It’s important to review herd management practices and adapt to new findings. We don’t have to accept a 13 percent death loss in pre-weaned calves due to BRD. This review starts with adequate record-keeping.

After analyzing your records to determine when your calves are most susceptible to BRD, determine the economic impact of that loss. Then consider the opportunity building immunity at birth provides your operation.

Working with your veterinarian is the best way to determine whether new products on the market are the right fit for your operation. Your veterinarian can help you review records and management practices and provide advice.

Keep the end goal in mind

As we are reminded of how improving animal health equates to a high-quality product that meets consumers’ needs, we must continue to look for ways to reduce the impact BRD has on the industry.

We have entered a time when domestic and export demand for high-quality meat products is on the rise. The USDA projects per-capita U.S. beef consumption to rise by around 4.5 percent in 2018 compared to 2016 levels. With the industry focused on building demand for our high-quality product, producers’ attention to detail from day one of a calf’s life has never been more important.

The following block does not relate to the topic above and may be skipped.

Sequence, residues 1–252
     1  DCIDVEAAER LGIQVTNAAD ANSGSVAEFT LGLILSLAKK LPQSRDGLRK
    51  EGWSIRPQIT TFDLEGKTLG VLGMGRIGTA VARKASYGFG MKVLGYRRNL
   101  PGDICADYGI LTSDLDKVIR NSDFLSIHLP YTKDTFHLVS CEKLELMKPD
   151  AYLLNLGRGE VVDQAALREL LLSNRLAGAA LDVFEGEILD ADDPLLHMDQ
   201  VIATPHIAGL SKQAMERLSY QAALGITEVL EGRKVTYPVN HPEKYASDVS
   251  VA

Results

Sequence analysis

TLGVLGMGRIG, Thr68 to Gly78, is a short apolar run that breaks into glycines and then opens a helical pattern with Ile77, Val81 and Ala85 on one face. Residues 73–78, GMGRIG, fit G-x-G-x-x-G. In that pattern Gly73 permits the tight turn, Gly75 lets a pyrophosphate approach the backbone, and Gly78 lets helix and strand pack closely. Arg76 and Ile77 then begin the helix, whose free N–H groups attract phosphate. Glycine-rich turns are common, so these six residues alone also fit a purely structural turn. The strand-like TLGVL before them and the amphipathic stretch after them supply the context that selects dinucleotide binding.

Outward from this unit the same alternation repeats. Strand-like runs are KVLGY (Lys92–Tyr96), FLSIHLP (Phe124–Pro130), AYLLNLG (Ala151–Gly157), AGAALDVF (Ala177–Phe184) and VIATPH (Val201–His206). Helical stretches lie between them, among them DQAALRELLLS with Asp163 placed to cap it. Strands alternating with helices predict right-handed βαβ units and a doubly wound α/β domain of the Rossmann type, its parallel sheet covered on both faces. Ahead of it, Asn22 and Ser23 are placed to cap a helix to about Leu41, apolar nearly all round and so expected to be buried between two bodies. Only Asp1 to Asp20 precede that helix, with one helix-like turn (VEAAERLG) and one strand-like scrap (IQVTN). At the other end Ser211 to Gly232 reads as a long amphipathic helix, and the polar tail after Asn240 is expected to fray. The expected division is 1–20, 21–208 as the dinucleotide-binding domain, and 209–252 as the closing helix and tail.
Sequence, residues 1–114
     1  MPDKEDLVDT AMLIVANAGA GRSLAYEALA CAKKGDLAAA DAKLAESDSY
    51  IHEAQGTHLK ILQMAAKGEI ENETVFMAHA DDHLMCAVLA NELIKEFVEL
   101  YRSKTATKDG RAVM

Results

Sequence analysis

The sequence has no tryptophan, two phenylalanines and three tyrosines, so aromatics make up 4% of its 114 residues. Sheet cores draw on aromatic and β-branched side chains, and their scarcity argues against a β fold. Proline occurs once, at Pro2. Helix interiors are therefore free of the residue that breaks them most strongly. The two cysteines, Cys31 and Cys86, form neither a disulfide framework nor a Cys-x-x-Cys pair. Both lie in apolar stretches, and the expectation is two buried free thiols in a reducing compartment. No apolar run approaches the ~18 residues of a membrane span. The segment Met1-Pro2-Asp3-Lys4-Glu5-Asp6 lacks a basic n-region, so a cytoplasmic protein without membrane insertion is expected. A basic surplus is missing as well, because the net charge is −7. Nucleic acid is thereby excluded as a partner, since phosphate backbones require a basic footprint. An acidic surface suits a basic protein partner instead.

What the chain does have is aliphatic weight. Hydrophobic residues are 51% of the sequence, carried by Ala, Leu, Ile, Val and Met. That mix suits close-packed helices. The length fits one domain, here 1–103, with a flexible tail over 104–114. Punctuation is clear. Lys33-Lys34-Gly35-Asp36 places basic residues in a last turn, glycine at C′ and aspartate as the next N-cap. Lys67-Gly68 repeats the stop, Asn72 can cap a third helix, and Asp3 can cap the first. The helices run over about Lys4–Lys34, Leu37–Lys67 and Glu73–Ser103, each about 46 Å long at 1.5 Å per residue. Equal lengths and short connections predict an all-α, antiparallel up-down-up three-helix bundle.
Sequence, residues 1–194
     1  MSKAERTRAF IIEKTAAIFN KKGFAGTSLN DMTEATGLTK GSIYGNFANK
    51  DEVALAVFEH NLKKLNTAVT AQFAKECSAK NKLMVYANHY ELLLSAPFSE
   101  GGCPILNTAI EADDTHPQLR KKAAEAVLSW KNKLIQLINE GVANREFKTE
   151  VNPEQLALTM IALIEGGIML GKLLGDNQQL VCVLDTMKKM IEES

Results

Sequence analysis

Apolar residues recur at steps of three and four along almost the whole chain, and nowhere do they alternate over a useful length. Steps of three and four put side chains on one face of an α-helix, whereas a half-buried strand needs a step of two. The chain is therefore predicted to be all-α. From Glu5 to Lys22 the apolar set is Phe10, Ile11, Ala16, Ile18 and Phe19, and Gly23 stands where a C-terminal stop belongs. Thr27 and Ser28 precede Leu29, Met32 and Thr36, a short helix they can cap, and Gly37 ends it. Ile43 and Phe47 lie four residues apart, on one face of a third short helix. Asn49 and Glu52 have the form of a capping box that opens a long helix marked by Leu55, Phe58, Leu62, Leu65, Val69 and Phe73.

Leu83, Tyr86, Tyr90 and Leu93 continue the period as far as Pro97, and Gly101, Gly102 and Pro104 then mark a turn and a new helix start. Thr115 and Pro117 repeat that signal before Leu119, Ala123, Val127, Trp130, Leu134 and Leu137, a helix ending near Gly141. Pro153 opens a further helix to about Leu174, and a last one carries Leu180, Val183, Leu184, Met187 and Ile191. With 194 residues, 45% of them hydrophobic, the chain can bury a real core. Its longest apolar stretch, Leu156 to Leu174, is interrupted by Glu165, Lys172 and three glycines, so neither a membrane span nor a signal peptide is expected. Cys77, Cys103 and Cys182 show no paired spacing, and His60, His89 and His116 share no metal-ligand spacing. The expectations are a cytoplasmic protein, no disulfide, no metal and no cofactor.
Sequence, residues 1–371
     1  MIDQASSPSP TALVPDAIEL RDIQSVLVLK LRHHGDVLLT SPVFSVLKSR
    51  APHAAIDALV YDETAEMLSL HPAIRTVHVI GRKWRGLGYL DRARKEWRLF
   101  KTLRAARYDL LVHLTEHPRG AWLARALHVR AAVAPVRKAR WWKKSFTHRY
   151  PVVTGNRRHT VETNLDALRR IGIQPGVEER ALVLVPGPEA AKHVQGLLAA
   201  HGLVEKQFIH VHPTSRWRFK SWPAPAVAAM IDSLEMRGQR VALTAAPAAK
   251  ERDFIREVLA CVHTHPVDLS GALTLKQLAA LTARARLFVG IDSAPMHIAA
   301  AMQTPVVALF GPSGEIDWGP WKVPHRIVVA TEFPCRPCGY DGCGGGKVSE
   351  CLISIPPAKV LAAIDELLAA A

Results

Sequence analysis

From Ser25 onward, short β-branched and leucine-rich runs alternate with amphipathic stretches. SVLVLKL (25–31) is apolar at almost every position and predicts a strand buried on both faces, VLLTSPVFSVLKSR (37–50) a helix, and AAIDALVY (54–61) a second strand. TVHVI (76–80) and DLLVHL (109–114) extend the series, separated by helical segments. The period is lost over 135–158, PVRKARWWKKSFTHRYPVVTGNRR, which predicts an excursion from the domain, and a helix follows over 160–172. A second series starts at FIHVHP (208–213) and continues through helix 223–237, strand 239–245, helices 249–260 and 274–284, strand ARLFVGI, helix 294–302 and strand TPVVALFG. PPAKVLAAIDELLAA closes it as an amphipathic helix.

Improving calf health improves demand for your product throughout the supply chain. Calves immunologically prepared to respond to the stresses of weaning, shipping and commingling will be healthier, more efficient and require fewer days on feed.

Through proper management and the use of new tools like intranasal vaccines, raising a healthy calf satisfies your feedlot customers and the rising demand for a high-quality beef product.  end mark

PHOTO: A calf’s ability to fight bacterial pneumonia in times of stress is largely determined by how much immunity it builds in the first weeks of life. Staff photo. 

References omitted but are available upon request. Click here to email an editor.

Kevin Hill
  • Kevin Hill

  • Technical Services Veterinarian
  • Merck Animal Health
  • Email Kevin Hill